I admit it. Not only am I sucker for plants, but I am really a sucker for clearance plants. Most of the time these are plants that are perfectly fine, but have reached the end of their welcome in store.
There are several reasons that I love clearance plants, but the main reason is that they give me a chance to try my hand (or thumb) at plants I wouldn't normally purchase and not worry about spending a ton of money on a plant that I might end up killing.
One of the plants I "splurged" on was a tropical hibiscus earlier this summer. It is not zoned for Minnesota and will definitely need to be brought in for the winter. So far I have kept this clearance plant alive, pest free, and flowering. In fact, I've been so impressed with my newbie skills (you know: watering it and leaving it alone on the deck) that I picked up two more (much smaller) tropical hibiscus for $1 each.
So what happens when the temps dip below what's safe for this tropical plant? This is when you have to decide whether to move it indoors or leave it outside to succumb to the cold and just purchase a new plant next year.
I'm cheap (hello: clearance plants) so my goal is always to bring in what I can. Last year I was successful with two peony bushes that will eventually be planted in-ground yet this summer. So this year my list of annuls that will become house plants is growing.
The cool thing about a hibiscus is that it doesn't need to "go to sleep" or go dormant for the winter, which means that you can enjoy flowers all winter long. The reason is that while garden centers market these plants as annuals, they are really tender perennials that can easily overwinter indoors. For those of us living in Minnesota, there are actually hardier versions that can handle zone 4. But today we are talking about those that are meant for zone 10 and above.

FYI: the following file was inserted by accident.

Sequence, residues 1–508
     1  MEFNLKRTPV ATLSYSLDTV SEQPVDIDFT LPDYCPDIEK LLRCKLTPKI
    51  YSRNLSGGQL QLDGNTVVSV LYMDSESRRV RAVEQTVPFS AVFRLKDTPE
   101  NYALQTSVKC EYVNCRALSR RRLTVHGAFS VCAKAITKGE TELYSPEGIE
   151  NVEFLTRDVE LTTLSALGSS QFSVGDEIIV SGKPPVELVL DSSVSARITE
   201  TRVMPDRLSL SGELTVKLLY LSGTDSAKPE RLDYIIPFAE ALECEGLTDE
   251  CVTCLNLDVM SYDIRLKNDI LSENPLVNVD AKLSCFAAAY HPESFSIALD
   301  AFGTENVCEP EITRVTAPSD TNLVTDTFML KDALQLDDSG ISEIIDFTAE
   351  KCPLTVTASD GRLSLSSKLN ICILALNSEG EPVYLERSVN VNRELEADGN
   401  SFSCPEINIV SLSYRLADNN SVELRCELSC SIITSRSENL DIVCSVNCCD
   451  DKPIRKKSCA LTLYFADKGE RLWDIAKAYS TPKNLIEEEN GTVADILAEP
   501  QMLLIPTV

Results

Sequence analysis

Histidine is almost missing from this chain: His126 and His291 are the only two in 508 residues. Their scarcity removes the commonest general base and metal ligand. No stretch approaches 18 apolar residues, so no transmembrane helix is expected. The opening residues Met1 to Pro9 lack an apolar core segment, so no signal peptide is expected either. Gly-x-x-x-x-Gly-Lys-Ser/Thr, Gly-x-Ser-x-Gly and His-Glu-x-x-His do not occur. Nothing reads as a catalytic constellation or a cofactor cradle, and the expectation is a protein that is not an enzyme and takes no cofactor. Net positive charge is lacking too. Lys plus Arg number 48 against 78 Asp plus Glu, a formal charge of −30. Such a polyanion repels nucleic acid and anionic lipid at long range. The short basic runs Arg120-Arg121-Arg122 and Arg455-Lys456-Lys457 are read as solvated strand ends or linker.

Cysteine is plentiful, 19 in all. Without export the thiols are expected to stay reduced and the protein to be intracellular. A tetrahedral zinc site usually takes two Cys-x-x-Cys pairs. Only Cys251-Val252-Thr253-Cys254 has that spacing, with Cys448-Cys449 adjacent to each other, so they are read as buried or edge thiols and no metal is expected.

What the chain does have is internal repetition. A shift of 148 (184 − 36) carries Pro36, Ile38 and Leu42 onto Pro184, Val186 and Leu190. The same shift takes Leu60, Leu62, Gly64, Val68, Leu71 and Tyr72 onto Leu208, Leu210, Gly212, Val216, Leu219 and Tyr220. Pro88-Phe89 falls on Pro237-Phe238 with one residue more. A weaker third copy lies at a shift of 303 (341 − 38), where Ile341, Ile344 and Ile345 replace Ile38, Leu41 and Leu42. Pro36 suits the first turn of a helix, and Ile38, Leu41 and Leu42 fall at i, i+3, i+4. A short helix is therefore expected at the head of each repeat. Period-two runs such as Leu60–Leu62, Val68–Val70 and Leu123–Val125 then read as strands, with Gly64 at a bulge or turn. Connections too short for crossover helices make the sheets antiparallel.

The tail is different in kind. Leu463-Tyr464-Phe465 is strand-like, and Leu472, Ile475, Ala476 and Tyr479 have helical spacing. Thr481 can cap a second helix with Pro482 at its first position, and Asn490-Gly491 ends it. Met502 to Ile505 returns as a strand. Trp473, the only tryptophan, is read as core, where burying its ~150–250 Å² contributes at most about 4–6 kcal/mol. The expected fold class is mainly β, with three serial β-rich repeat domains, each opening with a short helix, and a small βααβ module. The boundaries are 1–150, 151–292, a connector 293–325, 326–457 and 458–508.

There are 3 ways to overwinter your tropical hibiscus.
- Bring it inside and enjoy it as a houseplant. Find a sunny window and (hopefully) enjoy the flowers all winter long.
- Allow the plants to go dormant and store for the winter.
- Root cuttings in water and replant in the spring.
As will everything when it comes to gardening, do what works for you and understand that what works with one plant may not work for another.
Option 1: Making your hibiscus a houseplant
If your plant is already in a pot, then simply bring it indoors when outdoor temperatures start to drop below 60 degrees Fahrenheit. These plants are not terribly fussy, although they can be susceptible to pests and diseases like powdery mildew, aphids, scale insects, mealybugs, and whiteflies so it is a good idea to regularly check your plant.
If your plant has had a prolific season, you may want to prune back the branches to accommodate the space you have. You can trim back the branches by as much as half without causing any harm.
When inside, place it a warm spot near a sunny window. Keep in mind, any time you move plants from one environment to another or transplant into a new pot, your plant may experience some shock. Don't be surprised if some of the leaves or buds yellow and drop off. Once the plant acclimates to the new surroundings, it should bounce back in a few weeks.
Option 2: Dormant hibiscus
Allowing your hibiscus to go dormant may be appealing if you don't want to worry about caring for another live plant.
To achieve dormancy, you can either wait for it to occur naturally (cool temps and drought are main triggers) or you can force it.